Split in Pittsburgh highlights ZOA debate over leader

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NEW YORK — The Pittsburgh chapter of the Zionist Organization of America appears to have fractured over the national president's vocal criticism of the Israeli-Palestinian peace accords.

The executive committee recently voted to dissociate from the ZOA and establish the Zionist Organization of Pittsburgh.

In a letter to members, the local president, Dr. Harry Palkovitz, said that since the election of the current national leadership, "a great disparity" has emerged over the appropriate role of an American Zionist organization.

The Pittsburgh organization was committed to "support the duly elected government of Israel," especially in matters of "safety and security," he wrote.

"Our national leadership has chosen to disagree with some of Israel's stands, which has made us very uncomfortable, especially in our advocacy role with our elected officials in Washington and with the embassy of Israel."

This, said Palkovitz, "was the major barrier between the two groups."

The decision in Pittsburgh mirrors a similar break by the Baltimore ZOA chapter two years ago, which reflected a sea change in the national body.

The ZOA has markedly stepped up its profile, especially on Capitol Hill, under the stewardship of its controversial president, Morton Klein, who was elected in 1993.

But while Klein's activism has garnered new supporters for ZOA, it also has drawn fire from critics who charged that it has worked against the interests of Israel's Labor government.

Palkovitz said in his letter that the split came after "our endeavor to bridge a major gap in philosophy between the two levels proved fruitless, despite all meetings and discussions."

The group's executive director, Connie Schwartz, said "people were very saddened" by the action, "but we felt we had no choice. We had reached an impasse."

One member who voted against the break, Lou Weiss, was angered by the move.

"A group of dissidents hijacked the organization," he said. "They just happened to be officers."

Klein was undaunted. He dismissed both cities' moves from the national ZOA as "personal and political" and said he was "resented from day one" as an outsider.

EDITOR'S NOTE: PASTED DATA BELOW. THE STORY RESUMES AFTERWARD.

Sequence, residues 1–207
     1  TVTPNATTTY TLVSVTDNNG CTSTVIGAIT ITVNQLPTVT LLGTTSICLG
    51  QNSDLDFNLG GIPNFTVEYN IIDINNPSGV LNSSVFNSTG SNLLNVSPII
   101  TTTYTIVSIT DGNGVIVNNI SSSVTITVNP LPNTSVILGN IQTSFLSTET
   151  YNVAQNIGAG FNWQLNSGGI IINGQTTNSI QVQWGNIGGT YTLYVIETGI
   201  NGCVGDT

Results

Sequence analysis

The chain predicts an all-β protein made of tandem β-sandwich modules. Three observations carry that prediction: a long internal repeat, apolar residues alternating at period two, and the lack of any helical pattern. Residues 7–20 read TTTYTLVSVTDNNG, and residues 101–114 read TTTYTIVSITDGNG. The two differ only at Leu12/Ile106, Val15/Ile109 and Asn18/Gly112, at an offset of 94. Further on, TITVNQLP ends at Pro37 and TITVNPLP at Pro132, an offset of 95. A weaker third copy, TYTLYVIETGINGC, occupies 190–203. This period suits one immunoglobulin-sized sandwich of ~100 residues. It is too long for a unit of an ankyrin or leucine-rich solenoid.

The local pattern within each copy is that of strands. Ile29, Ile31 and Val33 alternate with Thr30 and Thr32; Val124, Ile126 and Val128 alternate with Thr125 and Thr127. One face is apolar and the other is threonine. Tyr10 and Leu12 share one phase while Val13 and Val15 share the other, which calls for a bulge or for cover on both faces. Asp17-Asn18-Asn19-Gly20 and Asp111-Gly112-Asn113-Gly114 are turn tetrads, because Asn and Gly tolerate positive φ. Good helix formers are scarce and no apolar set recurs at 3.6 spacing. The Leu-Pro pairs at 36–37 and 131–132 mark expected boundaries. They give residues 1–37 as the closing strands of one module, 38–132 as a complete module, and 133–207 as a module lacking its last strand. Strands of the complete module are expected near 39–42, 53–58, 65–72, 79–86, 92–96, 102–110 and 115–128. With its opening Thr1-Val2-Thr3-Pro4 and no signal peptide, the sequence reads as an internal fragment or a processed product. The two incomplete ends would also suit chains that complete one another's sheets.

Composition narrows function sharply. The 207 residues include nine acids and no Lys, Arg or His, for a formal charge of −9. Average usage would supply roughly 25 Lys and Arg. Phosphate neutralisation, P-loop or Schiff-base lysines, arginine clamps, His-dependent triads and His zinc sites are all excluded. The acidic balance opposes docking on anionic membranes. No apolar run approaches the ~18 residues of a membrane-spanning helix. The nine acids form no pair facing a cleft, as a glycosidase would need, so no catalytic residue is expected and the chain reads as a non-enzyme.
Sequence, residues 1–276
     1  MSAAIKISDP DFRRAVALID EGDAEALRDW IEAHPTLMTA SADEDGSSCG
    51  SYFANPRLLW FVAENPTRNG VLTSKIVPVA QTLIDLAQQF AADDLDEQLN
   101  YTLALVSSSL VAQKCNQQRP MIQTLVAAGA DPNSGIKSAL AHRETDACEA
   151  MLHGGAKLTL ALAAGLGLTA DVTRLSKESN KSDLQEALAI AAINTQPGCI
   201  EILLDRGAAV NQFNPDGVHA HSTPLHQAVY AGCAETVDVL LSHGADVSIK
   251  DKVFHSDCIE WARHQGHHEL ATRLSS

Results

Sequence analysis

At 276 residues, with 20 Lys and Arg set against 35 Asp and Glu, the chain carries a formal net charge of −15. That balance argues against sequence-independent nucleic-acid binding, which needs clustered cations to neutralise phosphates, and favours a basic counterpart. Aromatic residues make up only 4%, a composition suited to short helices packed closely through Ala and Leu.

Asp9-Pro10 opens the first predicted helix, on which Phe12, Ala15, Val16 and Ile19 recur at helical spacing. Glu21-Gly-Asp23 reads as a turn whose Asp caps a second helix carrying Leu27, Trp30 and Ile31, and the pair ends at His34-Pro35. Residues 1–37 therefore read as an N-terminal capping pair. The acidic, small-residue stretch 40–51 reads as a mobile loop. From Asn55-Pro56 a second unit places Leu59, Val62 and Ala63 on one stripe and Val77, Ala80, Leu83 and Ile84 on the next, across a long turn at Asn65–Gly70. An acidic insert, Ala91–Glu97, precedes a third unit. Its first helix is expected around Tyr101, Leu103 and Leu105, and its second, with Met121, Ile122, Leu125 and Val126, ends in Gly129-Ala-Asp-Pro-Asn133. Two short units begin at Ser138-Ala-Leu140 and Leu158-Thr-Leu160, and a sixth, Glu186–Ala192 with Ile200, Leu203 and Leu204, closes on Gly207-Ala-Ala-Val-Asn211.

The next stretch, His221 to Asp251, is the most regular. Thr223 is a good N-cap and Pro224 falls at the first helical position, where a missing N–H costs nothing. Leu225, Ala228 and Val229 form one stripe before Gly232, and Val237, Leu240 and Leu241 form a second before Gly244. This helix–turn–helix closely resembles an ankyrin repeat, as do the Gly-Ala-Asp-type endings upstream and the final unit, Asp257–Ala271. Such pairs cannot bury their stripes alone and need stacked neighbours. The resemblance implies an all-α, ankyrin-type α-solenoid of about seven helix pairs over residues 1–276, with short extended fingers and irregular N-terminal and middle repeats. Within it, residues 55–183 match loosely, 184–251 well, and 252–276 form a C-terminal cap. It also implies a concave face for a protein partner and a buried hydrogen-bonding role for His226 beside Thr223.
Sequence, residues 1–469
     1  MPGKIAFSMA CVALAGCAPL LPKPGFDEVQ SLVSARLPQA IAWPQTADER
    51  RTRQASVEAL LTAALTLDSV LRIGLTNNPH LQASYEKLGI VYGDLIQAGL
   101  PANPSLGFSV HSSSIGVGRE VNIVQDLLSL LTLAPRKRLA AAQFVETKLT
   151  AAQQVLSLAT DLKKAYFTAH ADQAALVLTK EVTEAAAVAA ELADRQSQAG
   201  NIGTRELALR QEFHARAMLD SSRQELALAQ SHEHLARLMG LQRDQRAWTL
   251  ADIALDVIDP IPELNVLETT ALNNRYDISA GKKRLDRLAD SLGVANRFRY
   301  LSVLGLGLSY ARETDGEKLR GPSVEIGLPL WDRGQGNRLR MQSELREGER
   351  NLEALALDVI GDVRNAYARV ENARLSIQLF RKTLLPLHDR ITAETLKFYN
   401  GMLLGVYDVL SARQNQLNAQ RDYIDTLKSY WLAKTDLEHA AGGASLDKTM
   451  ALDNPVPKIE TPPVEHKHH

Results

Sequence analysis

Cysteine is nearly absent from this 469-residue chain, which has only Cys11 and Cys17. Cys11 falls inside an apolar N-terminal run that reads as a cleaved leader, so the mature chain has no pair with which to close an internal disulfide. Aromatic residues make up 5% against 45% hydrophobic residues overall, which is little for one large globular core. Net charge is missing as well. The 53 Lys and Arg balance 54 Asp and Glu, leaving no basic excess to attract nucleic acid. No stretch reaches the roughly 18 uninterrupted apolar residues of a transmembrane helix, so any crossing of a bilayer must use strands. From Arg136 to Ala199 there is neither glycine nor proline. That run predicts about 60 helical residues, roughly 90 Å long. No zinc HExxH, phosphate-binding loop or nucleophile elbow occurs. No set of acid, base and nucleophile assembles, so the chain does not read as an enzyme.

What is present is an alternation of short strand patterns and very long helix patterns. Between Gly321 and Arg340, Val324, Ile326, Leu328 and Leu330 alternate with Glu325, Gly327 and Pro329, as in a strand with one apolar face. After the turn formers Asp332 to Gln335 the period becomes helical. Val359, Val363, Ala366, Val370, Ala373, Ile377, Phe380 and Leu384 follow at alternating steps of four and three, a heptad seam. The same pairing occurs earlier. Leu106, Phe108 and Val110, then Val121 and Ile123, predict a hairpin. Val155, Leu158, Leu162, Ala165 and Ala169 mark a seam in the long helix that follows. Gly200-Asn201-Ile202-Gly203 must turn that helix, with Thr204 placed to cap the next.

Klein also raised questions about the legality of the secession and criticized the group's failure to allow the full Pittsburgh membership to vote on the split.

There is already a slate in place by those prepared to challenge the move at a May 28 Pittsburgh ZOA convention, Klein added, and Weiss concurred.

Klein, an outspoken critic of some of the Labor government's peace polices, said his fight has been only to ensure that Palestinian leader Yasser Arafat would comply with the peace accord requirement to fight terrorism before the Palestinians receive U.S. aid.

"Every major Jewish organization supports this link," he said. If the Palestinians "are not complying, we should use the money as leverage. If they don't fight terrorism, we won't have peace."

Weiss defended Klein. "Love him or hate him — and I love him — Mort Klein is the best thing that happened to ZOA — no ifs, ands or buts about it," he said. "He raised the profile of an organization on the skids."

Klein does not take "stands against the government of Israel," Weiss said, but he forces the Palestinians to comply with the accords when "the Israeli Labor government turns a blind eye." This rankles people, he said.

In an apparent effort to counter negative publicity triggered by the Pittsburgh move, the ZOA announced last week the establishment of seven new districts, saying its "national revival" has "continued in full force during the past year."

There are disparate accounts of the Pittsburgh chapter's membership numbers. Schwartz said there are 1,600 dues-paying members, while Klein says the figure is 370. Klein also contends that national membership figures have skyrocketed under his stewardship.